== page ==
Introducing Foodservice After COVID-19

How retailers can strategize for post-pandemic food operations
Photograph: Shutterstock

CHICAGO — The coronavirus pandemic has gutted every sector of the U.S. foodservice industry, from convenience stores and restaurants to noncommercial operations and supermarkets.

The financial decline has been so devastating that, as of late May, the industry is expected to lose $183 billion by the end of in 2020, putting U.S. foodservice at the same relative size it was in 2012, according to CSP sister data firm Technomic, Chicago.

At the same time, though, c-store operators cannot let today’s losses prevent them from succeeding in the future. Since it will take months—maybe years—for c-store foodservice to rebound, now is the time for retailers to plan their entrance strategy for once the pandemic slows.

“[C-store] operators need a plan for returning to work,” said Jessica Williams, CEO of c-store consultancy Food Forward Thinking LLC, Louisville, Ky. “Who knows how many habits, systems or products will have changed by the time they’d be back.”

Operators can use the pandemic to focus on employee training for food preparation and cleaning, as well as testing new menus items and crafting menu labeling information. Most importantly, a tactical entrance strategy can help c-store operators succeed in a world where foodservice as we know it will be forever changed.

Revamp Your Menu

C-store operators should use this period to rethink their menus and refocus the types of foods they offer. Williams suggests beginning with a limited number of items on the likelihood retailers will have fewer customers entering the store for a while, and they will be purchasing less total food compared to pre-pandemic times. While keeping traditional fan favorites is crucial, operators should also experiment with new food trends, she said, such as frozen take-home meals. For instance, consumers may feel more comfortable purchasing take-and-bake pizzas than made-to-order pizzas due to sanitization reasons.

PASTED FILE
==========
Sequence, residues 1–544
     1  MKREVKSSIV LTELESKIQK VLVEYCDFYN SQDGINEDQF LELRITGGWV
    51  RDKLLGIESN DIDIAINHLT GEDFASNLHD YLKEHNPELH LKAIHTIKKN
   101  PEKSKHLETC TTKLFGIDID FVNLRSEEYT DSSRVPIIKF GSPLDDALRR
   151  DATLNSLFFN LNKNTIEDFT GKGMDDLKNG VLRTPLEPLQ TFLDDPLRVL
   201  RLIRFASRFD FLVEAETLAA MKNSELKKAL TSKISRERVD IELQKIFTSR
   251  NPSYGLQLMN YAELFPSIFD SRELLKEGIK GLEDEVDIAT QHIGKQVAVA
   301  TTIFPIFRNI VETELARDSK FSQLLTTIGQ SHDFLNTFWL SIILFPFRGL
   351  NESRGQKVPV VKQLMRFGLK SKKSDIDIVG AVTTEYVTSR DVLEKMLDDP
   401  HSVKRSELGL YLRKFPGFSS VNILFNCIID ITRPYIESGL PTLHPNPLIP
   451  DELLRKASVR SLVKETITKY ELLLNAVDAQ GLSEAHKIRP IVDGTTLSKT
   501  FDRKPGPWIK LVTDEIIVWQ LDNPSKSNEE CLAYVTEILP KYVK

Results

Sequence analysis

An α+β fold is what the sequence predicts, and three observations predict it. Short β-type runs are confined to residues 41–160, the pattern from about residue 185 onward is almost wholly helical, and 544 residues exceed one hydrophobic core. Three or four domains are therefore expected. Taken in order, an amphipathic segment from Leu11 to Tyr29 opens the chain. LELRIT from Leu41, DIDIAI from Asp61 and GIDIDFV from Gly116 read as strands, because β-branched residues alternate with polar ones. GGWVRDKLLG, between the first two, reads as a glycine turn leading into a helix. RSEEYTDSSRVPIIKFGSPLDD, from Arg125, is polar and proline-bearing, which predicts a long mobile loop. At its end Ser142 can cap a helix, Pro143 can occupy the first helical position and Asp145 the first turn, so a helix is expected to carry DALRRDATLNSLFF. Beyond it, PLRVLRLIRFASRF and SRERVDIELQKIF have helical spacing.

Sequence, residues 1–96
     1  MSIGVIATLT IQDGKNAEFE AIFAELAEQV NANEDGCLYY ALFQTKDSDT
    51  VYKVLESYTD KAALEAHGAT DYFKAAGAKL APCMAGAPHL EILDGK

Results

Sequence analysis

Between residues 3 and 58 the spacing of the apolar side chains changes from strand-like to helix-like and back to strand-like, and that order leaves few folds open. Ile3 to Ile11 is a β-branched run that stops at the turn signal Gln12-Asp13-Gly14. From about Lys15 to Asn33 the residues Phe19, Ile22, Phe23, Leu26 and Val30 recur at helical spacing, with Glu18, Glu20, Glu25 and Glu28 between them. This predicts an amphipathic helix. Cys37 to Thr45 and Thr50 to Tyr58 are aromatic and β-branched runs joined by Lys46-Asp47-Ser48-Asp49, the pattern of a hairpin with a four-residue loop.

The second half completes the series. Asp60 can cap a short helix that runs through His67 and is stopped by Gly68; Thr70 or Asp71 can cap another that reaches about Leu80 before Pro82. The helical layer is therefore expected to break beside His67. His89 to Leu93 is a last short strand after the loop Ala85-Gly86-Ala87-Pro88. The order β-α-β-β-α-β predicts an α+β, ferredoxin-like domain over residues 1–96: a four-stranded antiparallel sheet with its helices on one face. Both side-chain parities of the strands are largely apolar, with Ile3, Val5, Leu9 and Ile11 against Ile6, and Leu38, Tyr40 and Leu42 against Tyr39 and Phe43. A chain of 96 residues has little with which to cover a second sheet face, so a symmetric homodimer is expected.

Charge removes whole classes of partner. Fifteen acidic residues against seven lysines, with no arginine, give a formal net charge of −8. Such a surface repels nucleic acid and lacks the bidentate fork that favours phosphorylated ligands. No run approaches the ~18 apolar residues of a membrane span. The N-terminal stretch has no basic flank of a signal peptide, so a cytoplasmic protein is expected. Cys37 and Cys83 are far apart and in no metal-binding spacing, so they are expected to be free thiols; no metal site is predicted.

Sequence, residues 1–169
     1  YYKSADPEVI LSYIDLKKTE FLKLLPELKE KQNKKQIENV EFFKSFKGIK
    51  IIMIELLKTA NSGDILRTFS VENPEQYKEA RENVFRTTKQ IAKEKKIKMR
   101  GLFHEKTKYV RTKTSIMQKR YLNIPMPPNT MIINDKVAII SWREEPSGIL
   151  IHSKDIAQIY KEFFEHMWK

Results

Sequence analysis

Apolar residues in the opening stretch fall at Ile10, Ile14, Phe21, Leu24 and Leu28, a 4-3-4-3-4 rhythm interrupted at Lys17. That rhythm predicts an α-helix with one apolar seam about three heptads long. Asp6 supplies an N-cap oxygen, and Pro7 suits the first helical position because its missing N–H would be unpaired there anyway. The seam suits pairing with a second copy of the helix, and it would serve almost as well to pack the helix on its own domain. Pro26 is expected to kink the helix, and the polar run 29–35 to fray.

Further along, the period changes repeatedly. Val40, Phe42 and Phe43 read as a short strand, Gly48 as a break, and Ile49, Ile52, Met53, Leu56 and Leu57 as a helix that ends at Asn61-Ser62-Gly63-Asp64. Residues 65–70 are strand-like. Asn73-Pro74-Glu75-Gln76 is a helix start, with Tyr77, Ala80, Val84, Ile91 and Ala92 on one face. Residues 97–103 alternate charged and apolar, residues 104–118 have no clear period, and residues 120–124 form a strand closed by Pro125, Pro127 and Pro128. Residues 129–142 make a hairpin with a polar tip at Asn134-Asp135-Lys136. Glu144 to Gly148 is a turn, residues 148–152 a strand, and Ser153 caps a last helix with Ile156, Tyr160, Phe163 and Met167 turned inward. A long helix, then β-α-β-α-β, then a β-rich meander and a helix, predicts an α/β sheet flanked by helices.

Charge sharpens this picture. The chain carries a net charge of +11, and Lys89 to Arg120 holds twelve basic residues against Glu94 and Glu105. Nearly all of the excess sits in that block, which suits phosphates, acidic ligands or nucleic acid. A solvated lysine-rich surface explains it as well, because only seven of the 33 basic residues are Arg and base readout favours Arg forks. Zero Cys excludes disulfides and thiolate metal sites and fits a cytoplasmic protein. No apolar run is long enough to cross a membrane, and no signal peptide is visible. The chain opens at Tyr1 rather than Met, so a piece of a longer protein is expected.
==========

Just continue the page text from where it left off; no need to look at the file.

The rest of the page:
“Re-introduce your top-sellers, but don’t be afraid to be innovative with what demand tells you,” she said. “Take a good look at who is shopping in your store and when and offering food to that audience.”

Like many other c-store chains, Little General Stores Inc., Beckley, W.Va., halted the sale of roller-grill items and self-serve buffets during the pandemic. As part of its re-entrance strategy, Little General has focused on selling grocery items and cold grab-and-go offerings, specifically increasing its supply of sliced meats and cheeses, pastas, breads, salads and more, said April Sauls, director of retail food for Little General. Little General re-opened its coffee bars and fountain beverages June 8.